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Workers Agreements

Although most employment contracts are written, they can also be verbal agreements. Oral contracts have the same legal authority, but this can be much more difficult to prove. The use of non-compete obligations is part of a broader trend where employers require their employees to sign various restrictive contracts as a condition of employment. In addition to non-compete clauses, another commonly restrictive contract is mandatory arbitration, a controversial practice in which companies require employees to agree to settle all disputes with the company. Binding arbitration agreements effectively prevent employees from going to court and instead require employees to resolve workplace disputes in the individual arbitration process that overwhelmingly favors the employer.12 The survey data used in this study shows that more than half (53.9%) of the companies that responded have mandatory arbitration.13 To get to our final lower limit, let us make an additional correction. As noted above, the survey was limited to private enterprises with 50 or more employees. Data from the Bureau of Labor Statistics shows that in 2017 (the year the survey was conducted), 27.9% of private sector employment took place in companies with fewer than 50 employees.15 To adjust our lower limit to companies with fewer than 50 employees, we need a lower limit on the proportion of workers in small businesses, which are subject to non-competition clauses. It should be recalled that Table 1 shows that small enterprises tend to have all their employees sign non-compete obligations rather than large enterprises. This means that it is likely that the proportion of companies with fewer than 50 employees where all their employees sign non-compete obligations is not significantly lower than that of large companies. However, since we calculate a lower limit, we prefer to be very conservative.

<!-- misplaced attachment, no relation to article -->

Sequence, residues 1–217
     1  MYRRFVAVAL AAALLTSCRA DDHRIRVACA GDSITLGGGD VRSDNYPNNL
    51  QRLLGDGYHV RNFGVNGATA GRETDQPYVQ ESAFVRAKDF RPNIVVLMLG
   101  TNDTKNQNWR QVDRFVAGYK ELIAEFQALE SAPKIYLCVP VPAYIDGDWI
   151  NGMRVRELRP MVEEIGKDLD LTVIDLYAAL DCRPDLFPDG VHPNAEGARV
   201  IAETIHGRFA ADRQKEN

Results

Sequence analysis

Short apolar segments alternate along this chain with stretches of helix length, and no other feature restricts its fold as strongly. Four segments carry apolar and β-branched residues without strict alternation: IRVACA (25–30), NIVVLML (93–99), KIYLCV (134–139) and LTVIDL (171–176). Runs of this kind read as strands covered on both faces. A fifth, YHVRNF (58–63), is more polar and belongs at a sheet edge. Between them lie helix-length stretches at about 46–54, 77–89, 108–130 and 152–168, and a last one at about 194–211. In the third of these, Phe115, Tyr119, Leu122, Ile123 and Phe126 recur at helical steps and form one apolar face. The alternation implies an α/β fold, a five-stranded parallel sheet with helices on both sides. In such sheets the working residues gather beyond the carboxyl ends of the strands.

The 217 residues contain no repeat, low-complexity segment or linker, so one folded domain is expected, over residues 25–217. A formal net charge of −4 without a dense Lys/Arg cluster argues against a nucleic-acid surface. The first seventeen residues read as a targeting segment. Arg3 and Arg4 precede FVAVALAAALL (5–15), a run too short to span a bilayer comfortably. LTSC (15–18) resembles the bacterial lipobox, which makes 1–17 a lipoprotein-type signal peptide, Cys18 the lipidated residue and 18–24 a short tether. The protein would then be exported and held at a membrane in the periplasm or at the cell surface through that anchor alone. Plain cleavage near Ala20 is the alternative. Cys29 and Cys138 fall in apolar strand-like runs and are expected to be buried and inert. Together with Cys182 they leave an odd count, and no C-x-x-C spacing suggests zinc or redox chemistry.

Therefore, we show the lowest proportion of companies where all their employees sign non-compete obligations, from Table 1 with 22.2% of companies with fewer than 50 employees. An adjustment of the inclusion of small enterprises – i.e. assuming a lower limit of 22.2% of employees covered by non-compete clauses in the 27.9% of enterprises with less than 50 employees and a lower limit of 30.0% of employees covered by non-compete clauses in the remaining 72.1% of enterprises – results in an overall limit of 27.8% of employees in the private sector, which are covered by non-competition clauses.16 Different types of agreements may be concluded depending on the workplace. and the company.. .

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